TITUSVILLE, Fla. - Hundreds of families of fallen law enforcement officers from 31 states were expected to attend an annual memorial service Friday night at the American Police Hall of Fame
"He was killed in the line of duty working undercover," remembered widow Teresa Shepherd.
The 68-year-old Hollywood, Florida, resident told News 6 Friday before the service that to her, sometimes it still feels like yesterday.
"1973, August 30," Shepherd remembered without hesitation.
That was the day she says her husband Byron Riley, a Hollywood police officer, died along with his partner during a car chase.
Shepherd was six months pregnant when Officer Riley was killed.
"My first husband was my childhood sweetheart," she told News 6. "We grew up together, got married out of high school."
Shepherd's story resonates with hundreds of other family members who attended the service Friday night.
The family survivors were joined by over 1,000 law enforcement officers.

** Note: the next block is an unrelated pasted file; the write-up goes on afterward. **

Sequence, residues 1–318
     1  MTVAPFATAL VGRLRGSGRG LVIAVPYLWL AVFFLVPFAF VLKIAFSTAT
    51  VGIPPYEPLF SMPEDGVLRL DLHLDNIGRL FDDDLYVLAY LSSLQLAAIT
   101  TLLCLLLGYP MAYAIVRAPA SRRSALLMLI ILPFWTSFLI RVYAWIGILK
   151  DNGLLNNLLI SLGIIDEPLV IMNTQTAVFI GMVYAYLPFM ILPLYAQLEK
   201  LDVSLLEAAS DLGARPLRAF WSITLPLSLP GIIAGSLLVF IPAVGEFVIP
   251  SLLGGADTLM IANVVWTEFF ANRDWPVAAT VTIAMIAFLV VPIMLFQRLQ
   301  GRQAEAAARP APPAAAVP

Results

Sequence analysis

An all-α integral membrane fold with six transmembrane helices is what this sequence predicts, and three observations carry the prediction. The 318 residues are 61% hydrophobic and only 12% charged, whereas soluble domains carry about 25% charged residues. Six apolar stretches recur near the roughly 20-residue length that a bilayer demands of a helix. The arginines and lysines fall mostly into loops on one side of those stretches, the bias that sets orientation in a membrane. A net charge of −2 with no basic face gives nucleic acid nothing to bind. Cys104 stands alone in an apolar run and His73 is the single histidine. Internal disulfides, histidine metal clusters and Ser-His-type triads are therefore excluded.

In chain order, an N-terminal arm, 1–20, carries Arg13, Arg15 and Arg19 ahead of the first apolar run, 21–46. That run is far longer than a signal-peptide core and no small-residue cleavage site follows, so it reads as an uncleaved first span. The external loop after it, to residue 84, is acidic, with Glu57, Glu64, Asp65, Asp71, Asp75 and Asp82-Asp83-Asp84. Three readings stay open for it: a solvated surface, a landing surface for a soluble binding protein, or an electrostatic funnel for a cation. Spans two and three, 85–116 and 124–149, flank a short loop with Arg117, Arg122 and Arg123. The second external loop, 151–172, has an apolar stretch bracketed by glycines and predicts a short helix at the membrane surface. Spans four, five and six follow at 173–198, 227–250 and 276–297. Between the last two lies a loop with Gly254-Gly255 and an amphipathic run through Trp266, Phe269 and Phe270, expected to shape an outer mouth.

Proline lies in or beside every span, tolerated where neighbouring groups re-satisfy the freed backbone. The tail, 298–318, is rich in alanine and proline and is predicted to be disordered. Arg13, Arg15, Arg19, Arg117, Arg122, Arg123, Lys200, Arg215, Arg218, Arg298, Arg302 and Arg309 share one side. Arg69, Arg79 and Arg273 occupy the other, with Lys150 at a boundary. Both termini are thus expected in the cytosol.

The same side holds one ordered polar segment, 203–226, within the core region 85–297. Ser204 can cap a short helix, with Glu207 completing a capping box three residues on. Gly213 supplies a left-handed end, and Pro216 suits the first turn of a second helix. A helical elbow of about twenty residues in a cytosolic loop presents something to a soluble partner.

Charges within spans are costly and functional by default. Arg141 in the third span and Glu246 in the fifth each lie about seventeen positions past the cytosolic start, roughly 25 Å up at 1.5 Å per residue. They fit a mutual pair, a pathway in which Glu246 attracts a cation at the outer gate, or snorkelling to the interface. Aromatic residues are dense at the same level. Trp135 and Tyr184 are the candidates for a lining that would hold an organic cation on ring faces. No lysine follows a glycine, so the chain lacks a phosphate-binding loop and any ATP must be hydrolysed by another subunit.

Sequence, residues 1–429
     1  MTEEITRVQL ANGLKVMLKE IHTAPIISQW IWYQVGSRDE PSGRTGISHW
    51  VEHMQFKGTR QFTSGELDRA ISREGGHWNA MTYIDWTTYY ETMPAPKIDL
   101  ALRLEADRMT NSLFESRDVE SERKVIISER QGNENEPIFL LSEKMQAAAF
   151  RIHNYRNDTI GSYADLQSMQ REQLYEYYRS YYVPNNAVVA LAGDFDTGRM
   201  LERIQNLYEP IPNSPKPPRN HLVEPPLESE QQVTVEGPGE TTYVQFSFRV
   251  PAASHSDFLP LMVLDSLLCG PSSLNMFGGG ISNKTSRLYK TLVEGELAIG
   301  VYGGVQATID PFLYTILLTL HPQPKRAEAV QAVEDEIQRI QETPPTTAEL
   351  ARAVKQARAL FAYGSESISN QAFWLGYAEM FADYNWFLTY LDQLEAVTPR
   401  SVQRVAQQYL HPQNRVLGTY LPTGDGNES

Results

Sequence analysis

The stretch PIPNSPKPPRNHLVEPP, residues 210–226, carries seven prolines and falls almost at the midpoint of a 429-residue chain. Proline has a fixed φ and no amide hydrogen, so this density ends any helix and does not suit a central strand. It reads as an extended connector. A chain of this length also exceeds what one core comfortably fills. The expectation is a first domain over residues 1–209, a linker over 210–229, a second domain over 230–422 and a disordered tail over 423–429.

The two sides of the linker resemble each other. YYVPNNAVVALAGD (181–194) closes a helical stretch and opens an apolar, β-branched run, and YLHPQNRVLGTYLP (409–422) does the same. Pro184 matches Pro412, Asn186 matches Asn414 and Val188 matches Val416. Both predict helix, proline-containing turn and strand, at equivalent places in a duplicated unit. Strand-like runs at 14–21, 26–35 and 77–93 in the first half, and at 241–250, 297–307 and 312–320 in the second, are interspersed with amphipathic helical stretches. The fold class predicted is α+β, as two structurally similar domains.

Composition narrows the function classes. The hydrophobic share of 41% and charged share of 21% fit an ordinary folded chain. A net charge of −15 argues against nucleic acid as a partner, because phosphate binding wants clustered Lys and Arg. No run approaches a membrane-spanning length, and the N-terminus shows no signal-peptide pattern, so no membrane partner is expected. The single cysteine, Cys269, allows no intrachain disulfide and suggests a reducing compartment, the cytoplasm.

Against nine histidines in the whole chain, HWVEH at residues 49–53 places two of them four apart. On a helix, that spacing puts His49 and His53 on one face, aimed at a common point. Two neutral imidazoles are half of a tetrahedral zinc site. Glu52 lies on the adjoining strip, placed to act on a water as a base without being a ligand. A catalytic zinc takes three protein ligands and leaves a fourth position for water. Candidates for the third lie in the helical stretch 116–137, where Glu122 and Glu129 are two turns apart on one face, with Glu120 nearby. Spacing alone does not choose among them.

Shepherd also attended the service last year.
"He gets honored every year I come up here," she said referencing the roll call part of the service.
Shepherd told News 6 the service is a somber time but also a time to carry on her late-husband's legacy and connect with new members of this extended family.
"It's saying how much we are supported and loved. And especially for the new ones, they need to know that," Shepherd said. "It's not a family you want to belong to, but now that you're part of it, you have a national family."
Brevard County Sheriff Wayne Ivey was scheduled to be the service's keynote speaker.
All Brevard County officers killed in the line of duty in the past 50 years were expected to receive exclusive recognition.
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